Dear Congregational Family,

1. The Blessing of Good Habits: These past two weeks, while I was dealing with COVID-19, I experienced tremendous upheaval of life! Every routine was upended. I even had to remind myself to do simple, ordinary things that had been habits or second nature just a few days earlier. We don’t usually think of the many “routine” things that we do, and that is just the point. We don’t have to think about them; we just do them. Habits are immensely effective and efficient in helping us do important things. Studies have found that up to 40 percent of our daily actions are not products of our choices, but of our habits. Once we establish a habit (whether accidentally or intentionally), that habit becomes formational for us. Habits form what we do, but perhaps even more importantly, they form what we love. Philosopher James Smith wrote about this in his book, “You Are What You Love: The Spiritual Power of Habit.” Smith reveals how our hearts grow to love what we do. Education is what we know, but FORMATION is what we practice and DO (Justin Earley). These last 1 ½ years with COVID-19, have upended many people’s good spiritual habits. Let me encourage you to take a moment to reflect and to re-establish habits that will help you care for the health of your soul, because what you do ends up becoming what your heart loves.

2. Congregational Annual Meeting: The meetings will be held on Sunday, November 21st, immediately following both morning worship services. The purpose of these meetings is to present the 2022 Budget to the congregation for a vote of approval. The Council approved it at their October meeting and will now bring it before the congregation. Thank you so much to Ron Thorhauer, Bill Ward, and the Finance Committee for all their work on this over the past many months. All members of the congregation are encouraged to attend a meeting.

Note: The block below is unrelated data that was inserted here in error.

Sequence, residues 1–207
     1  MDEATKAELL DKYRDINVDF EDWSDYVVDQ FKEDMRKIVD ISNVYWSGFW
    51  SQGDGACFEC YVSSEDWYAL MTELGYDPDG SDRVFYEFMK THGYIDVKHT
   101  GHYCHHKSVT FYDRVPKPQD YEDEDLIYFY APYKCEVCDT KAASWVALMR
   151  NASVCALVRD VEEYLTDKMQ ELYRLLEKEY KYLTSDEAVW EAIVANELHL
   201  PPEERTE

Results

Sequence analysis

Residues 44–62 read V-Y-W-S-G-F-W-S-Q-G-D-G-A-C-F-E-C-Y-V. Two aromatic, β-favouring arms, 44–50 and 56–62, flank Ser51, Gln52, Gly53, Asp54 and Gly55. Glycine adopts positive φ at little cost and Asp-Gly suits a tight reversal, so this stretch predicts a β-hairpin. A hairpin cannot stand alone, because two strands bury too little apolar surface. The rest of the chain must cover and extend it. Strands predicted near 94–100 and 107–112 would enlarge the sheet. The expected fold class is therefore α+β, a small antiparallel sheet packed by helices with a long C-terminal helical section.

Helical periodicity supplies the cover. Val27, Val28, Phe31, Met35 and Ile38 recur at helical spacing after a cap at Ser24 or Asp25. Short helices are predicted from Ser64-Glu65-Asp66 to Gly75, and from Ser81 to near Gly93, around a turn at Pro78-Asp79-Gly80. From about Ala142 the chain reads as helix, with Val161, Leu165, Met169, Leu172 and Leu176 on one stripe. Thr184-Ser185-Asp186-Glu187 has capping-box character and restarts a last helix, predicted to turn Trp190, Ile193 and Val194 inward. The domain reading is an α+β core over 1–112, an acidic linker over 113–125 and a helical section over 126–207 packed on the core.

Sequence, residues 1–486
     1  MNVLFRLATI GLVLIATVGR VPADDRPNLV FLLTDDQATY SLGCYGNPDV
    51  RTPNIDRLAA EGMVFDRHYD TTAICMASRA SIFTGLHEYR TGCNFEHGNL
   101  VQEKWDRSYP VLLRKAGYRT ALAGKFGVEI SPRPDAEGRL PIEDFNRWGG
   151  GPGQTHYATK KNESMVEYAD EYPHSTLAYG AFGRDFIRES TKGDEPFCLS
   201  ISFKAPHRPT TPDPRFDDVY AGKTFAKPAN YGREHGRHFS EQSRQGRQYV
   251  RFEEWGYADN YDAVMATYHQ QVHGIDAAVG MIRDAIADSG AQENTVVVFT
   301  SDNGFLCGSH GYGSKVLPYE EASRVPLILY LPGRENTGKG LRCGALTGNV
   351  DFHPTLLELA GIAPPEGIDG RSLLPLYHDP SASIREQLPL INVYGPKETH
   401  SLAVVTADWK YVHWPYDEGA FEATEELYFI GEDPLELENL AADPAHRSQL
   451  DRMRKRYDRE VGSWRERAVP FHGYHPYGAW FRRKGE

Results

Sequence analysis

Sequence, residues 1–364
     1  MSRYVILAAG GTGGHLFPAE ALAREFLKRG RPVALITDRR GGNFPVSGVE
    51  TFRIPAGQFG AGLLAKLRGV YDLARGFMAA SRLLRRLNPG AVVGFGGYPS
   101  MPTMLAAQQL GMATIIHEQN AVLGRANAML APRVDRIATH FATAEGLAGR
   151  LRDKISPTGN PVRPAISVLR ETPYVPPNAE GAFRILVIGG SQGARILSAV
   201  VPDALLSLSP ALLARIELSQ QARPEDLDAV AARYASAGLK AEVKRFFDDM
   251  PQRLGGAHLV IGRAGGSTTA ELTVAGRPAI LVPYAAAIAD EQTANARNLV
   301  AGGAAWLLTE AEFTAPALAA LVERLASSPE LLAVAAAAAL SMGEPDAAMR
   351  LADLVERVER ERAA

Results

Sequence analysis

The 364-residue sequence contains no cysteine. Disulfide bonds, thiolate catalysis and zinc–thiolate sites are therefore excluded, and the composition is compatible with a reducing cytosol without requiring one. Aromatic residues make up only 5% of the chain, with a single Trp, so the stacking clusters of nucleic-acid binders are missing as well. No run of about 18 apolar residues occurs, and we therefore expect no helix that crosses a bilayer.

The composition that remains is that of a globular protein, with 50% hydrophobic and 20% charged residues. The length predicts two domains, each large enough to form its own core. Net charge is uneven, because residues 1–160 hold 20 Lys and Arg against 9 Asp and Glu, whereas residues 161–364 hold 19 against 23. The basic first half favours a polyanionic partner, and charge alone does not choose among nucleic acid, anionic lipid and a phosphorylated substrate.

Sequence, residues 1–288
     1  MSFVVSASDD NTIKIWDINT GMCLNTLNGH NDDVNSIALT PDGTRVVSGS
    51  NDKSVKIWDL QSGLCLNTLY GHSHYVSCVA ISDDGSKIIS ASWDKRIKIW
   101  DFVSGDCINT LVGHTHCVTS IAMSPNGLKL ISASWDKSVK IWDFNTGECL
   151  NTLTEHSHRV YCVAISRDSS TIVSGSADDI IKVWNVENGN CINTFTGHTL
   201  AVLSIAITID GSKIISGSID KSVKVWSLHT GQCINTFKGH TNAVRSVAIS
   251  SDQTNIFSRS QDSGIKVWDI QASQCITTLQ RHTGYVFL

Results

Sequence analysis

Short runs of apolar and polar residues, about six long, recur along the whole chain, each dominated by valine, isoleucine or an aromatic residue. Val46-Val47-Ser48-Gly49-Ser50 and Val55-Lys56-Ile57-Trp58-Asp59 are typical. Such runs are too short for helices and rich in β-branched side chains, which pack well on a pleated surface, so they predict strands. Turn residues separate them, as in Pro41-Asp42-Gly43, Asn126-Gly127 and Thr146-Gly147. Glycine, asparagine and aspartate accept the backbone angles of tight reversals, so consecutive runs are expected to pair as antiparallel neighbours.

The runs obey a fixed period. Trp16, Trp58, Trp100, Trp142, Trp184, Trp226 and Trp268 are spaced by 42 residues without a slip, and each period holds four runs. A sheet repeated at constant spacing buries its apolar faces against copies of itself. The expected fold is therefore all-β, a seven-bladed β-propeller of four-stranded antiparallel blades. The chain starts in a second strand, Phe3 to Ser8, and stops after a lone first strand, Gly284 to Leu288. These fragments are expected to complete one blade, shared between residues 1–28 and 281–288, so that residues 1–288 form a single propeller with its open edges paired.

3. Veterans Day: WWI ended with the signing of the armistice on the 11th hour of the 11th day, of the 11th month in 1918. Today the day is known and celebrated as Veterans Day and includes the honoring of all military veterans. As a nation we enjoy great freedoms, and they have been preserved to us by the service and sacrifice of so many. Thank you, veterans! We will be honoring our veterans this Sunday.

4. An epidemic of suicide: Last month, the Christian Post reported the following, written by Dr. Matthew Sleeth, author of “Hope Always: How to Be a Force for Life in a Culture of Suicide,” which Tyndale House Publishers released in May, 2021:

“The University of North Carolina at Chapel Hill abruptly canceled classes in an effort to stop the spread of an epidemic. It is not COVID-19. Nonetheless, the deadly disease they were trying to stop is now the second leading cause of death in college- and high school-aged individuals. No immunization is available to stop it, nor will one ever be. There are no nasal, blood, or other quick tests that can screen for the disease.

Classes were canceled in an effort to prevent a suicide outbreak — or ‘suicide cluster.’ This year, 10 million Americans will wrestle with whether or not to end their lives. One and a half million will be seen in emergency departments for suicide attempts and ideation. Every 11 seconds someone attempts suicide. America’s suicide rate now ties the all-time high experienced in the Great Depression of the 1930s: 14.5 per 100,000 per year.

[Dr. Sleeth goes on to write] … the concept of faith was introduced to those of us who attended medical school several decades ago as we studied suicide. This happened even though most of my professors and students like me (at the time) were atheists. Why? Because since Emile Durkheim’s 1897 study of suicide, it has been known that people who have a committed belief in God are four to six times less likely to die by suicide than atheists. In medical school, I was taught that humans are a combination of mind, body, and soul; today, discussion of the soul has been subtracted.

Recently, I submitted an op-ed for Suicide Prevention Week to my city’s newspaper. It ended as follows: ‘Society can continue to try and prevent suicide by doing more of what is not working. But I believe it is time to start allowing things like faith, God, love, and even the concept of suicide as a moral wrong back into our approach to suicide prevention.’ The editor responded, ‘Just read through the op-ed, and the only problem is at the end, where he brings up suicide as a moral wrong.’ Apparently, in our brave new world, suicide as a moral wrong is news unfit to print.

Canceling classes is fine, but our suicide problem is much bigger than a day off can solve. Perhaps living in an age where a physician can no longer express the opinion that suicide is morally wrong is one of the reasons our country’s youth are deciding that life is not worth living.”

5. Sermon: Sermon Title: “Is the END of TIME near?”
Sermon Text: Daniel 12:1-4; Mark 13:1-13

Growing Together in our Faith as the Family of God,

Pastor Carlson